This week’s assigned readings focused on the ethics of sharing historical documents, copyright infringement, etc.
Author Roy Rosenzweig article “Essays on History and New Media” discusses taking the historical scholarship and sharing them in a digital format. Roy talks about the benefits and implications of offering historical scholarship to the public by comparing it to the recent decision of the NIH to allow scientific articles for free to the public
One of the benefits of offering history in digital format and allowing free access to the public would be the cost to maintain the database of historic scholarship. By offering them for free to the public, this would reduce the cost institutions must pay to maintain historical scholarly papers. By lowering the cost of storing historical scholarly documents, historical institutes can utilize those funds for other important expenses. Another benefit would be increased visibility of the authors of historical scholarship. Free access could potentially lead to a broader audience for the author. Audiences that were once shut out from the access to historical scholarship will find themselves capable of exploring a field that may have ordinarily been foreign to them. This may inspire more people to join the historical field.
One of the cons to having open access to scholarly documents would be copyright infringement. Someone would be responsible for ensuring that the open access scholarly documents aren’t stolen. Another con to having open access to documents is the loss of revenue from institutions that depend upon the revenue from charging the public for membership fees or access fees to scholarly documents.
In Laura Clark Brown and Nancy Kaiser’s article “Opening Archives on the Recent American Past,” discusses the ethics of access and the ethics of privacy to historical archival documents. For instance, what should be shared with the public for the sake of historical evidence, but without crossing the line of unethical practices. They use the example of removing the names of certain people in historical documents, that are not the names of the historical subject on display. If they did not agree to have their personal information shared with the public, should you only remove their names or their personal documents altogether? If it were up to me, I’d remove all documents from those who did not agree to share their personal writings, objects, etc., with the public. Should medical inquiries and school evaluations be made to the public? Or employment records and performance evaluations? How do we know what should be restricted from historical research purposes?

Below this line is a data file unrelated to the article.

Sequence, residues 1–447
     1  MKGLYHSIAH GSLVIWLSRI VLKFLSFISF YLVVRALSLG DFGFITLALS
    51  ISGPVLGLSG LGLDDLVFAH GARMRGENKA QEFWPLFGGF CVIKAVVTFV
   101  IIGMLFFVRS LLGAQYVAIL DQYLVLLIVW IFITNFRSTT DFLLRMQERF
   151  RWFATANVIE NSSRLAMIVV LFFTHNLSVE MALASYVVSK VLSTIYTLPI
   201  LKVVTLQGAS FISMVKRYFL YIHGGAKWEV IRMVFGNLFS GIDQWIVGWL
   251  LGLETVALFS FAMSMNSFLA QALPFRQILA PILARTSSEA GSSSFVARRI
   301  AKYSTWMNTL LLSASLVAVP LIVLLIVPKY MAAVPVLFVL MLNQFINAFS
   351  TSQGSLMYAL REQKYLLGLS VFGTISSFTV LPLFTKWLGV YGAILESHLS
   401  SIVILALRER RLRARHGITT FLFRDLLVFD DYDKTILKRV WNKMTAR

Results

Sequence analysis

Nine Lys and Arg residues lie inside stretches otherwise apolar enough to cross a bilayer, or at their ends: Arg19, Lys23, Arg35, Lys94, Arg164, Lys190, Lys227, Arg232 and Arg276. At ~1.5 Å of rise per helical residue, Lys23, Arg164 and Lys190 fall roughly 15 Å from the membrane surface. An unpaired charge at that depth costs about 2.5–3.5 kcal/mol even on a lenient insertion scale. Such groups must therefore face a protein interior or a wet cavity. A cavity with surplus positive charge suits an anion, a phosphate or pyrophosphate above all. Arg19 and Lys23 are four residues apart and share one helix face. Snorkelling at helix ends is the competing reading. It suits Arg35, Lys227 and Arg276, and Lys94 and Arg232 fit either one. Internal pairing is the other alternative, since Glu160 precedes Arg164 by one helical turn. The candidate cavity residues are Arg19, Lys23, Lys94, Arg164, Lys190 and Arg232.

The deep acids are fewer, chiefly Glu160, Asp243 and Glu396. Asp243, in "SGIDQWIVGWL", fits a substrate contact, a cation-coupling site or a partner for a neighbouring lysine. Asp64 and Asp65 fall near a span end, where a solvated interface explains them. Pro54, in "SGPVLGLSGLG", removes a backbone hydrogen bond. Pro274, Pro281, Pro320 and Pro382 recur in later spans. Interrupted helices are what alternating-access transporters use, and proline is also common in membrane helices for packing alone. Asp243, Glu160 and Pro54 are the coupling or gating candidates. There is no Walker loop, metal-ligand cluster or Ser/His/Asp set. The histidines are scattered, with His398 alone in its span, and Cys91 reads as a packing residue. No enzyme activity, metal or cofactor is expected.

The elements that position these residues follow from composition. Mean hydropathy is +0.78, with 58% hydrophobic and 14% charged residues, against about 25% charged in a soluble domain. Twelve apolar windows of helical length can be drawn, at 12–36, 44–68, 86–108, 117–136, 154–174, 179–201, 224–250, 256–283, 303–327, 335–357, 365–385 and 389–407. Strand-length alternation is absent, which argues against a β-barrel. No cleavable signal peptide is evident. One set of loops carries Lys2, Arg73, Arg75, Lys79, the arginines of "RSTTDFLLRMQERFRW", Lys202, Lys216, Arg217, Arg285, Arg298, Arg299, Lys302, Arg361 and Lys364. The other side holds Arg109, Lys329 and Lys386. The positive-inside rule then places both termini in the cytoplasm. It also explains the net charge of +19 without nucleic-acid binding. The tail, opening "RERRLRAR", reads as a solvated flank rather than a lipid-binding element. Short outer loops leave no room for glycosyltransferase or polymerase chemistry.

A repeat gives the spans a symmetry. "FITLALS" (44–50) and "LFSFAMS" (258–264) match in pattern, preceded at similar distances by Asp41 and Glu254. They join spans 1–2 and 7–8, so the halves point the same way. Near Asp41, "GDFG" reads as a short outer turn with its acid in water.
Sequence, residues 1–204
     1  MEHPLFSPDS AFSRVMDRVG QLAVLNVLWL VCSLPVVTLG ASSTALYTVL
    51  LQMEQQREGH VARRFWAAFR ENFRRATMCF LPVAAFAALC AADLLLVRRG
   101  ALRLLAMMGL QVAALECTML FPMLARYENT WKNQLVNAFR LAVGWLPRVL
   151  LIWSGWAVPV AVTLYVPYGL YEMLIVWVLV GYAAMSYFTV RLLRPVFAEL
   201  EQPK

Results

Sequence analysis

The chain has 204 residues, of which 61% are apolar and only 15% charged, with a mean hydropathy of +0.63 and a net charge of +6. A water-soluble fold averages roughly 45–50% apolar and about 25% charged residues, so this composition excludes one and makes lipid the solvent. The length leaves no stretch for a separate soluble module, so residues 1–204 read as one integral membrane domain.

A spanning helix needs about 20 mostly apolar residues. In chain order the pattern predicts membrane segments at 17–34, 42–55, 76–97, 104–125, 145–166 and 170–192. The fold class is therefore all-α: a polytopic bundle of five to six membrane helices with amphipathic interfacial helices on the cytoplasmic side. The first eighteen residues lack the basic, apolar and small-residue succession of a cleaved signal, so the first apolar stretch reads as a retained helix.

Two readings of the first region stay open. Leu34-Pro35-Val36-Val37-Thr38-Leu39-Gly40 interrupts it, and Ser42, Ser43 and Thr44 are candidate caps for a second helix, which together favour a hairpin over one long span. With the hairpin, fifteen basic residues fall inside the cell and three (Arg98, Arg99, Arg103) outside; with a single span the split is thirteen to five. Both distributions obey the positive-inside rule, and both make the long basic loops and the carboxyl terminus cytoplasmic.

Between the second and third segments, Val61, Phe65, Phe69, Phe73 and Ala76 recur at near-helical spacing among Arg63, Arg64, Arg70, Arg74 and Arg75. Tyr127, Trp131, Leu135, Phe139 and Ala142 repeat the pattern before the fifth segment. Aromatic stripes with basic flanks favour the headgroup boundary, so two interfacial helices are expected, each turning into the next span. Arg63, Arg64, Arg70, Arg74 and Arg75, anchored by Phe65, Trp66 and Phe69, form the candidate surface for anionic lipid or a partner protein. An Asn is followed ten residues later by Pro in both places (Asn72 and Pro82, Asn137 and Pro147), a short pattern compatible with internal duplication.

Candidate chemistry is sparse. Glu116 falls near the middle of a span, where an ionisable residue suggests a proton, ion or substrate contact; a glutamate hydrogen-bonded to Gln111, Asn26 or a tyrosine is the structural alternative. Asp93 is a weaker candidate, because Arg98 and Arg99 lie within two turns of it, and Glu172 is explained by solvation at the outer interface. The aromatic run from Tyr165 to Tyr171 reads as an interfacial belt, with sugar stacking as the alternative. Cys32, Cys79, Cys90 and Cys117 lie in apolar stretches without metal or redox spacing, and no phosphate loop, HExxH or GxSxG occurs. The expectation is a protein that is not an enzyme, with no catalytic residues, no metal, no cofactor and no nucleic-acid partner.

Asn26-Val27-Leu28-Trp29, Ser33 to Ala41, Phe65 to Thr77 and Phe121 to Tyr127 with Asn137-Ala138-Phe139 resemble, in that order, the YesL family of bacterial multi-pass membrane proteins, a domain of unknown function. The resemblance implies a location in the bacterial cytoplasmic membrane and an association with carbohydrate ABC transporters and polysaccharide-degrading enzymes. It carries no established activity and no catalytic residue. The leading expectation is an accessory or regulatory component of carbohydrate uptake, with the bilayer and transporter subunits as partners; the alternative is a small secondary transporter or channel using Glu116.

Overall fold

Gail Drakes’ article “Who Owns Your Archive?” discusses the difficulties of sharing historical scholarship without infringement of intellectual property rights or breaking the law. Drakes provides detailed examples of who owns the rights to personal history and intellectual property by using two separate examples of private citizens owning Malcolm X’s documents (ranging from bloodstained bible, to speeches) and selling them during private auctions. Should historians have the rights to those documents? Or should private citizens have the right to do what they want with their private historical collections? Should they be forced to hand over the documents to museums for proper care?